A review of the proposed legal settlement shows the Commission accepted many of the recommendations made by Stop the Cap! regarding the terms of any deal that would rescind last summer’s order revoking approval for the merger of Time Warner Cable and Charter Communications in New York State. We recommended the settlement focus on requiring an even greater expansion of rural broadband than originally envisioned, particularly in areas the state designated for HughesNet satellite internet access. We also recommended that any monetary fines be directed to further expansion of rural broadband, instead of being sent on to Albany to be added to the state’s general fund.

We noted that although Charter flagrantly violated the terms of the 2016 Merger Order, successfully removing the company from New York would likely result in years of litigation, and the likely entry of Comcast, which in our view is anti-consumer, and a much worse choice in terms of pricing and the quality of customer service. Comcast also imposes data caps in many of its service areas, a concept which Stop the Cap! obviously fiercely opposes. In our view, given a choice between Charter and Comcast, which would be the highly likely outcome, New York consumers would benefit (slightly) by keeping Spectrum service.

The terms

Reach 145,000 unserved/underserved New Yorkers with at least 100 Mbps internet access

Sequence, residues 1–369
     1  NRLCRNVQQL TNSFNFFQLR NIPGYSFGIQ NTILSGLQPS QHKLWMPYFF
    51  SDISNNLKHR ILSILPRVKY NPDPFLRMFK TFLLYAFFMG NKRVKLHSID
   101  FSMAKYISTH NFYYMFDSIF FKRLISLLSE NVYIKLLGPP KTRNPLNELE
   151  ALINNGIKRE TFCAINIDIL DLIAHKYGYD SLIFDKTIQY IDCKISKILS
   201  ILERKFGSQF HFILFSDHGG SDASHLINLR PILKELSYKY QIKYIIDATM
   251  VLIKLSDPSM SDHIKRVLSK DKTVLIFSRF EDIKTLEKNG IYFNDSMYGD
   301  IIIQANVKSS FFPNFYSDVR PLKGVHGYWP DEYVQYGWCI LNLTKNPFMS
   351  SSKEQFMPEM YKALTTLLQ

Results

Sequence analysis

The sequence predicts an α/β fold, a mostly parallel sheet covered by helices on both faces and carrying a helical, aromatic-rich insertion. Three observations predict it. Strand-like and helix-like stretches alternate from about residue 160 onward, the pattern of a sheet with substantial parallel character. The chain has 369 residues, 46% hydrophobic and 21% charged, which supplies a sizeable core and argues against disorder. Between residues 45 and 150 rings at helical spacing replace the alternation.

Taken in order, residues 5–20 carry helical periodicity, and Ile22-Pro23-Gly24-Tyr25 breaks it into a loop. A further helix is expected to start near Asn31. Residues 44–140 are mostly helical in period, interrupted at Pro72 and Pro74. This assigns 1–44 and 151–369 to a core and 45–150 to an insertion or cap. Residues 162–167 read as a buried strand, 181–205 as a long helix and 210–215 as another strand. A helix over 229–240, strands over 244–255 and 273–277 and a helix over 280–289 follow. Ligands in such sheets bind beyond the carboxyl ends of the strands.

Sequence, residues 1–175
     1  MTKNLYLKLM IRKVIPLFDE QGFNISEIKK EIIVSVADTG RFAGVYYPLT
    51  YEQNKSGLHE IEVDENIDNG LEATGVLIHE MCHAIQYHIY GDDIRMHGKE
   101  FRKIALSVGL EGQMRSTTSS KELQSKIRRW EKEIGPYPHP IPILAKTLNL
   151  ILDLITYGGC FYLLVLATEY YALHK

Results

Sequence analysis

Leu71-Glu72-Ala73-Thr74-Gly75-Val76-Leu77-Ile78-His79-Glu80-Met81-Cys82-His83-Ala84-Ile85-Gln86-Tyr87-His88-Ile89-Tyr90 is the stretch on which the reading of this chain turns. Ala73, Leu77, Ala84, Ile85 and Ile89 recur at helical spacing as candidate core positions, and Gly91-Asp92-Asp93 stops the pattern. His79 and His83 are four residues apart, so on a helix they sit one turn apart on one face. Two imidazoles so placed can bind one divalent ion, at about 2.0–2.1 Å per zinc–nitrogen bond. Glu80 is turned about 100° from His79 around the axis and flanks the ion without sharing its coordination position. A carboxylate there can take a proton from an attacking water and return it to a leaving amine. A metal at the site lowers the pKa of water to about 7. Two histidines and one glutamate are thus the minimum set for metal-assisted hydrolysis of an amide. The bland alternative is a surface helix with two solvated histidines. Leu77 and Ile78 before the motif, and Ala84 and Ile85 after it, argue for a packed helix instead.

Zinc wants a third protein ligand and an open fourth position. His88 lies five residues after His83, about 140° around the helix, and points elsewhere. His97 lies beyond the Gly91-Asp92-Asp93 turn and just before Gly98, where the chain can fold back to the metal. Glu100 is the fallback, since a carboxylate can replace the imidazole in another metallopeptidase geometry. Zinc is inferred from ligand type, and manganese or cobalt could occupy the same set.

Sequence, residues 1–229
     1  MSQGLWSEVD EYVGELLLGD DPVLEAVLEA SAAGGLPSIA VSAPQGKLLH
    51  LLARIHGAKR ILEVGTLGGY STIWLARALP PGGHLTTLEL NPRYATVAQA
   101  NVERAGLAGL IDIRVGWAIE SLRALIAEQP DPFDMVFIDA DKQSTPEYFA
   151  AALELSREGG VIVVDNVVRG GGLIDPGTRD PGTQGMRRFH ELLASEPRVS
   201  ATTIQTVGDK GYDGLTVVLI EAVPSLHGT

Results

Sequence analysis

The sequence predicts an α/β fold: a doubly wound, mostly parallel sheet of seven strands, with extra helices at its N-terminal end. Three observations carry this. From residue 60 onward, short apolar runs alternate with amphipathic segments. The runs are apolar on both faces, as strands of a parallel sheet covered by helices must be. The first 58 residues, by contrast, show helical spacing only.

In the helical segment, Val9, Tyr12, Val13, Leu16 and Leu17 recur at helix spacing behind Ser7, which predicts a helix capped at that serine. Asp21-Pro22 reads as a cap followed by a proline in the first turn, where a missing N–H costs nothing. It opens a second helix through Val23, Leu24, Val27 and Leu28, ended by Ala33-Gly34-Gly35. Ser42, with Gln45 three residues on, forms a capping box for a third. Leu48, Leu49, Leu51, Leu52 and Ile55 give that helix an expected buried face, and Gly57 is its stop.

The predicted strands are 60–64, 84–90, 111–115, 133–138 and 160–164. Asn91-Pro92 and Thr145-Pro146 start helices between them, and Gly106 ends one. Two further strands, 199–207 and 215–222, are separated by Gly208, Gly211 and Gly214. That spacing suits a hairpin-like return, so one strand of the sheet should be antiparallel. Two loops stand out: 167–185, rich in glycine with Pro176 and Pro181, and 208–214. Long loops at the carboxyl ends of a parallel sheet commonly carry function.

• Charter is recommitted to expand rural internet service to 145,000 New Yorkers qualified as unserved (download speeds less than 25 Mbps available) or underserved (download speeds of 25-99.9 Mbps) entirely within Upstate New York.

Schoharie, NY

To ensure Charter does not simply choose “low-hanging fruit” to wire, such as new housing starts or urban business parks, the agreement limits Charter expansions to no more than 9,500 addresses in the urban and suburban areas adjacent to Albany, Buffalo, Mt. Vernon, Rochester, Schenectady, and Syracuse.

Additionally, Charter is restricted from expanding service to no more than 9,400 addresses that are scheduled to get (or already have) access to another wired provider because of a grant from the New NY Broadband Program.

But Charter is allowed to expand service to reach not more than 30,000 customers stuck on New York’s list of addresses designated to get HughesNet satellite internet. Stop the Cap! strongly recommended the Commission do all it can to require or encourage Charter to reach as many satellite-designated New Yorkers as economically feasible. The proposed agreement takes our recommendation into account, but we will urge the Commission to strike the 30,000 cap and allow Charter to reach as many of these disadvantaged customers as possible, and have it count towards their broadband expansion commitment. Those addresses designated to receive satellite service are the least likely to be reached by any commercial provider because of the costs to reach them, and they are too scattered across the state to make a public broadband alternative feasible.

Charter gets to include some ‘already-in-progress new passings’ towards its 145,000 new passings commitment: 5,993 passings located within Upstate Cities Charter would likely have serviced anyway; 4,388 wired overlap passings (where an existing telco or cable provider already offers service), and 9,397 addresses where wireless or satellite service was the only option.

A new “milestones” schedule is included for new buildouts, which partly explains why so many rural New Yorkers expecting to receive service by now are complaining about delays:

  • 76,521 new premises by Sept. 30, 2019
  • 87,934 by Jan. 31, 2020
  • 99,347 by May 31, 2020
  • 110,760 by Sept. 30, 2020